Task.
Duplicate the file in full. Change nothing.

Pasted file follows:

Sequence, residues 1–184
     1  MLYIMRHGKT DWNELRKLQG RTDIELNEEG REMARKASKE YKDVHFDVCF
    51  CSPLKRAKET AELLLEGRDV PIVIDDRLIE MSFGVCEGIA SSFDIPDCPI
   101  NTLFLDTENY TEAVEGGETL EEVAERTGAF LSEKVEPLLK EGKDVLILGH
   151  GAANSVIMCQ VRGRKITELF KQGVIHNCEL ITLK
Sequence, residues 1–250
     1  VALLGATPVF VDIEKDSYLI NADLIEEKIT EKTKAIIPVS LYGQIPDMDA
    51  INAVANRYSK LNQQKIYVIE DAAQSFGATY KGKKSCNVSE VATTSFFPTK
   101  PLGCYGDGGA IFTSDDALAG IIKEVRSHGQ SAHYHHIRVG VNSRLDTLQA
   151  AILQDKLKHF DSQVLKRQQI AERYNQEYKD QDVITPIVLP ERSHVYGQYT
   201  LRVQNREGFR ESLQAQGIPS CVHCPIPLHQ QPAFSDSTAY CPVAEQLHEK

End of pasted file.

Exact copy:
Sequence, residues 1–184
     1  MLYIMRHGKT DWNELRKLQG RTDIELNEEG REMARKASKE YKDVHFDVCF
    51  CSPLKRAKET AELLLEGRDV PIVIDDRLIE MSFGVCEGIA SSFDIPDCPI
   101  NTLFLDTENY TEAVEGGETL EEVAERTGAF LSEKVEPLLK EGKDVLILGH
   151  GAANSVIMCQ VRGRKITELF KQGVIHNCEL ITLK
Sequence, residues 1–250
     1  VALLGATPVF VDIEKDSYLI NADLIEEKIT EKTKAIIPVS LYGQIPDMDA
    51  INAVANRYSK LNQQKIYVIE DAAQSFGATY KGKKSCNVSE VATTSFFPTK
   101  PLGCYGDGGA IFTSDDALAG IIKEVRSHGQ SAHYHHIRVG VNSRLDTLQA
   151  AILQDKLKHF DSQVLKRQQI AERYNQEYKD QDVITPIVLP ERSHVYGQYT
   201  LRVQNREGFR ESLQAQGIPS CVHCPIPLHQ QPAFSDSTAY CPVAEQLHEK